No ‘turf war’ AMA claims


The AMA says it is not engaging in a ‘turf war’ in its calls for pharmacy deregulation and a restriction of the extension of pharmacy professional services.

An article in AMA magazine Australian Medicine rebuffed what it said would be criticism over the group’s submission to the Review of Pharmacy Remuneration and Regulation.

“The AMA is often accused of engaging in a ‘turf war’ when it warns against pharmacists and other healthcare practitioners expanding their scopes of practice – for example, into prescribing,” the article claimed.

“I expect we will attract similar criticisms following our submission to the Review of Pharmacy Remuneration and Regulation”.

In its submission, the AMA had claimed that it supported “high-quality primary health care services that are convenient to patients, enhance patient access and improve collaboration between healthcare professionals”.

“Co-location of medical and pharmacy services would clearly facilitate this.”

The submission also stated the AMA’s view that it had “no concerns” about locating pharmacy premises within or adjacent to supermarkets, as long a registered pharmacist remains responsible for dispensing.

The AMA also restated its opposition to the expansion of pharmacy professional services, except in areas that support medication management and adherence, such as HMRs and DAAs, and programs that enhance improve rural and remote and ATSi health.

The Australian Medicine article says “our submission to the Review emphasises that the AMA fully supports pharmacists undertaking roles within their scope of practice. That means those activities and clinical services that are covered in their core education and training”.

“However, over the last few years the Pharmacy Guild has pushed for a range of pharmacy services to be funded under the CPA as an extra source of income, which represents an expansion of pharmacists’ scope of practice”.

The services it listed include: prescribing Schedule 4 medicines; providing advice on nutrition, weight loss, smoking cessation, pregnancy and baby care; and managing chronic diseases such as asthma and diabetes.

“If, in the future, pharmacists’ core education and training covers medical services, and pharmacists wish to have those services attract Government subsidies, then those services should be assessed for safety, efficacy and cost effectiveness in the same way as other health practitioner services. That means evaluated and funded under Medicare,” the article states.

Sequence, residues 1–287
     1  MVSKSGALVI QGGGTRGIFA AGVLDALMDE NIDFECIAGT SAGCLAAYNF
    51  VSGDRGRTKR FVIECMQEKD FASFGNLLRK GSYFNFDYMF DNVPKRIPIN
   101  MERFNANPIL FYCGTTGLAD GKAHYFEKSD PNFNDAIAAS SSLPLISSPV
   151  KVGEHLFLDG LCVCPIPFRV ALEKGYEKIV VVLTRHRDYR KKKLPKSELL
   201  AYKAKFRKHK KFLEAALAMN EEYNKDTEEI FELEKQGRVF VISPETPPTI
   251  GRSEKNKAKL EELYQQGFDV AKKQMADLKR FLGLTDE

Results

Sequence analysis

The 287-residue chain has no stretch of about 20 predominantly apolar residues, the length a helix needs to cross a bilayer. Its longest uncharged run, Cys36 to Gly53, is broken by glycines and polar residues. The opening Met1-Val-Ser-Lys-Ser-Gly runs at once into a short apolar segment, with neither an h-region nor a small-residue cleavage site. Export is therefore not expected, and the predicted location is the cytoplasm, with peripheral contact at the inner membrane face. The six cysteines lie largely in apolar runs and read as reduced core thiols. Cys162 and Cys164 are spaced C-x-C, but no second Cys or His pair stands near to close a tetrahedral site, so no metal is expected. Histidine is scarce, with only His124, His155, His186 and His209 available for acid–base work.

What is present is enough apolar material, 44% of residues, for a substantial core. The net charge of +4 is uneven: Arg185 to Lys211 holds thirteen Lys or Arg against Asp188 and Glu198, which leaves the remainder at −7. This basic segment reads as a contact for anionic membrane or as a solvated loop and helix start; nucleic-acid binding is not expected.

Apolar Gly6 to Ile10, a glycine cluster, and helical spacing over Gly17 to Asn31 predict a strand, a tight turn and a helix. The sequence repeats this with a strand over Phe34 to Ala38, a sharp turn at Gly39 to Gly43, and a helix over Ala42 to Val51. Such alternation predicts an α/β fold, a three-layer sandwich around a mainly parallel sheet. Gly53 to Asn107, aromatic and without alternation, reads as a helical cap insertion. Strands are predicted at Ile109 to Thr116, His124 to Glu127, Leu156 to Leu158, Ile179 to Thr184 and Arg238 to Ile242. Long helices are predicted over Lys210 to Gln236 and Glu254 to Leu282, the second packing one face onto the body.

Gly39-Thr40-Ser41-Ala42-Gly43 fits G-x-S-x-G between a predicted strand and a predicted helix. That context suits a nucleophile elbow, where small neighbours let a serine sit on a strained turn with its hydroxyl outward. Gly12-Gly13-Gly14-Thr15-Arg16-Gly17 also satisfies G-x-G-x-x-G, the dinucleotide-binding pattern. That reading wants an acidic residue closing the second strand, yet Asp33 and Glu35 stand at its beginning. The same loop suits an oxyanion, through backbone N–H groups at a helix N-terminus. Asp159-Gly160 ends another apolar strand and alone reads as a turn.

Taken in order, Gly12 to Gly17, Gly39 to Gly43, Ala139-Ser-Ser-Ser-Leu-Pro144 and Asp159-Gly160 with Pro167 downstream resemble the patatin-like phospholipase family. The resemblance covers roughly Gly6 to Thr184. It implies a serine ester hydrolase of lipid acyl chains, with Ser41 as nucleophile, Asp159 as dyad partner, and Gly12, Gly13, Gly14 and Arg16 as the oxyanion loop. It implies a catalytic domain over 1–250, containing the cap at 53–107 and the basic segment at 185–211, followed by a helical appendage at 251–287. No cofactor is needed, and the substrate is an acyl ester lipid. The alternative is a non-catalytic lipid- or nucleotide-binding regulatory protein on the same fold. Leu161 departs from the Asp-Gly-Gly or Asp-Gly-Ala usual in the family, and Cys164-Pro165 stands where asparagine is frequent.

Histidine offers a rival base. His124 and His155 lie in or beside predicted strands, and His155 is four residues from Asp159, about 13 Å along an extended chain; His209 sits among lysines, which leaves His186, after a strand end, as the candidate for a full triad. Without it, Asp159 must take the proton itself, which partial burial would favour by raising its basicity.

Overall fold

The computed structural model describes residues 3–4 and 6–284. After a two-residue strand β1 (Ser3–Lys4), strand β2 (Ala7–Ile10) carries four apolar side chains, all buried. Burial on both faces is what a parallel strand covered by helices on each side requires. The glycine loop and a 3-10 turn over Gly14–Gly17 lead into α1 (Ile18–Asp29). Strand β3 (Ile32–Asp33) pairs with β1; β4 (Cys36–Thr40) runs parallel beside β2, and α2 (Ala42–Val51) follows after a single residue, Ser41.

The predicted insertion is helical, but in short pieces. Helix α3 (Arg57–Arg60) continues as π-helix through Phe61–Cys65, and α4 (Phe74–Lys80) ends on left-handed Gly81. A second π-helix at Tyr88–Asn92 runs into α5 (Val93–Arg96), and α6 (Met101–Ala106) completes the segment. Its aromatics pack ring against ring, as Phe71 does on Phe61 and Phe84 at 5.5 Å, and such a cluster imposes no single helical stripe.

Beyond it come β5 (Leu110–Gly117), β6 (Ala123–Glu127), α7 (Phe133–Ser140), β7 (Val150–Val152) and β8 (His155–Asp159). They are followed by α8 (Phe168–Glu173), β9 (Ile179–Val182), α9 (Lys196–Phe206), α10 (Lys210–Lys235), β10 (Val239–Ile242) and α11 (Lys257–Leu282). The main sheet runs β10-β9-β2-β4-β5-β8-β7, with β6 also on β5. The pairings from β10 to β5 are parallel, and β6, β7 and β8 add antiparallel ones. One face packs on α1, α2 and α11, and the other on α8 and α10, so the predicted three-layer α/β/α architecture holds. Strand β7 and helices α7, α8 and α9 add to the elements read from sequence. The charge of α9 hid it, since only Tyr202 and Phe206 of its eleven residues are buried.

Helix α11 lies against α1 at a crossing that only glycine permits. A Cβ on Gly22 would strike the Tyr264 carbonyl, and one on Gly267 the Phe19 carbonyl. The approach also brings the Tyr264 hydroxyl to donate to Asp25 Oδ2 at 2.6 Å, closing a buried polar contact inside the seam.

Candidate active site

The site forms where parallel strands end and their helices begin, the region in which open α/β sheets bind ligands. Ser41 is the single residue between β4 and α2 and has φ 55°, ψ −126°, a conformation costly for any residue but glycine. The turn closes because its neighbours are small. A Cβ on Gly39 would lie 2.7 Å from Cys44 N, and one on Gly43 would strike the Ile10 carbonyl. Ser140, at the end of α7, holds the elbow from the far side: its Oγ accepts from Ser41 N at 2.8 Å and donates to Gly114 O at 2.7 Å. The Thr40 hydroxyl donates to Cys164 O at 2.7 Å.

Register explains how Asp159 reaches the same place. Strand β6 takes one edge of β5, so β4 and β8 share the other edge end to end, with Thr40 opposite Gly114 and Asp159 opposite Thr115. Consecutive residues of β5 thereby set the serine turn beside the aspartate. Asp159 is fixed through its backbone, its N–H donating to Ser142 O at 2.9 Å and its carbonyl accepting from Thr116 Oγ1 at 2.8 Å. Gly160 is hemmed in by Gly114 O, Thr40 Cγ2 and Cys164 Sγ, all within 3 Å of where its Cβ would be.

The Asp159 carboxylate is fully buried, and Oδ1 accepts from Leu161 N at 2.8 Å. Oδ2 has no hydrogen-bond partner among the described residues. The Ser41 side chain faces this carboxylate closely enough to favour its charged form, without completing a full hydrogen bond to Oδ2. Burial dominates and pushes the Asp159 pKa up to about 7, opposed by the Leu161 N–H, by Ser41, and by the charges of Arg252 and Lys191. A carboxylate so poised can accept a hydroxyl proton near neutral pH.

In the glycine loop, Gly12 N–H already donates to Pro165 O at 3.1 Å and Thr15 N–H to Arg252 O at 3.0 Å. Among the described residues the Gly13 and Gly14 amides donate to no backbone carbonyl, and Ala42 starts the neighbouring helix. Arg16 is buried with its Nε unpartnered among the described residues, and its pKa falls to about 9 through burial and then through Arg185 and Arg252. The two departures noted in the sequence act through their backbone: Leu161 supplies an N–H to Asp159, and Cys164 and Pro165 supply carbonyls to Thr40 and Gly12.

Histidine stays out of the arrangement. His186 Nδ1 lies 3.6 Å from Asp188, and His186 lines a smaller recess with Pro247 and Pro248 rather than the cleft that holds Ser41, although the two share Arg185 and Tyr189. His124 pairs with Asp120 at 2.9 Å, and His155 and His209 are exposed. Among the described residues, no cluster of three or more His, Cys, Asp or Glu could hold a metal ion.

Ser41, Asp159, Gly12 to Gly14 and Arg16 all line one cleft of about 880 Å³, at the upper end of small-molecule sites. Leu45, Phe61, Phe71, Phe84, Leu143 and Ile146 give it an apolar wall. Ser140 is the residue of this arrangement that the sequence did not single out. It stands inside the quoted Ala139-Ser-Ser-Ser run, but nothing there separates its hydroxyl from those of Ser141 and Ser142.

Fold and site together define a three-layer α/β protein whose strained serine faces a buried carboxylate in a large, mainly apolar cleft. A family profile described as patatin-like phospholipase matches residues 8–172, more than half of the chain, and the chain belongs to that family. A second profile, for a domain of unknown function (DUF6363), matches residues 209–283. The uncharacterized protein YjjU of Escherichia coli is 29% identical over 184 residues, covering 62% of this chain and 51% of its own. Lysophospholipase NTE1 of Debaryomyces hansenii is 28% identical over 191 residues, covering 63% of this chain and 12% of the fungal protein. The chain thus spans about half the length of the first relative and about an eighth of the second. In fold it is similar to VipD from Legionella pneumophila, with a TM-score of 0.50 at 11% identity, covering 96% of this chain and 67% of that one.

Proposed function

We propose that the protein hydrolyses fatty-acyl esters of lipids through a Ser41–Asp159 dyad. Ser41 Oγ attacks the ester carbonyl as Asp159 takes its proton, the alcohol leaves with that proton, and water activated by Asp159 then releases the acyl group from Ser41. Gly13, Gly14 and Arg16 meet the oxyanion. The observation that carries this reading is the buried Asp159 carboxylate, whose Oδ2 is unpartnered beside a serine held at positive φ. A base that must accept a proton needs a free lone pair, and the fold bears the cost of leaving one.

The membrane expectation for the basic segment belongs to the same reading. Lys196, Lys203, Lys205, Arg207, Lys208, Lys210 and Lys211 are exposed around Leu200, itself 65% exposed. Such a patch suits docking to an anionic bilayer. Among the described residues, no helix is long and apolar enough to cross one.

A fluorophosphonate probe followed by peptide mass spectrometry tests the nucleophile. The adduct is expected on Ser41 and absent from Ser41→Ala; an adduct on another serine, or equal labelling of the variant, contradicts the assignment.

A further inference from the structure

“In the meantime, the AMA will continue to defend against profit-driven and unevaluated expanded scopes of practice”.

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2 Comments

  1. Jarrod McMaugh
    19/10/2016

    the fact that they felt the need to preempt accusations of turf war with a declaration that they aren’t waging a turf war speaks volumes to the integrity of their claims and the integrity of their submission.

  2. Anthony Tassone
    19/10/2016

    The Guild agrees with the AMA’s statement calling for an evidence-based approach to any change in the scope of practice for pharmacists as a reinforcement of the Guild’s current procedures.

    Such calls are aligned with the Guild’s ongoing approach.

    Contrary to what the AMA may believe, this has been the case and is the case ongoing.

    Professional services offered through community pharmacies are underpinned by empirical evidence as to their efficacy and safety. The continuing pharmacy programs from the 5th Community Pharmacy Agreement (e.g. MedsChecks, Home Medicine Reviews amongst others) are currently undergoing a cost effectiveness assessment by the Medical Services Advisory Committee.

    Calling for cost-effectiveness of programs delivered by community pharmacies is not really new news as it has been integrated as part of the Sixth Community Pharmacy Agreement.

    An example of the thoroughness of a process of assessing whether a service is within the scope of practice of a pharmacist and the need for training is the recently legislated pharmacist delivered immunisations in community pharmacies.

    The Pharmacy Board deemed immunisation to be within the scope of practice of a pharmacist, but they had to undergo specific and approved training to be able to deliver this service.

    The Guild along with other pharmacy industry stakeholders worked closely in the consultation process and with the Pharmacy Board of Australia in introducing this new service to the extent that the Board issued a statement reinforcing that pharmacist-delivered vaccinations are within the scope of practice for pharmacists.

    To infer that the Guild, or any pharmacy stakeholder is working independently of competency standards or the Board’s regulatory framework under the national scheme is simply false.

    Anthony Tassone
    President, Pharmacy Guild of Australia (Victoria Branch)

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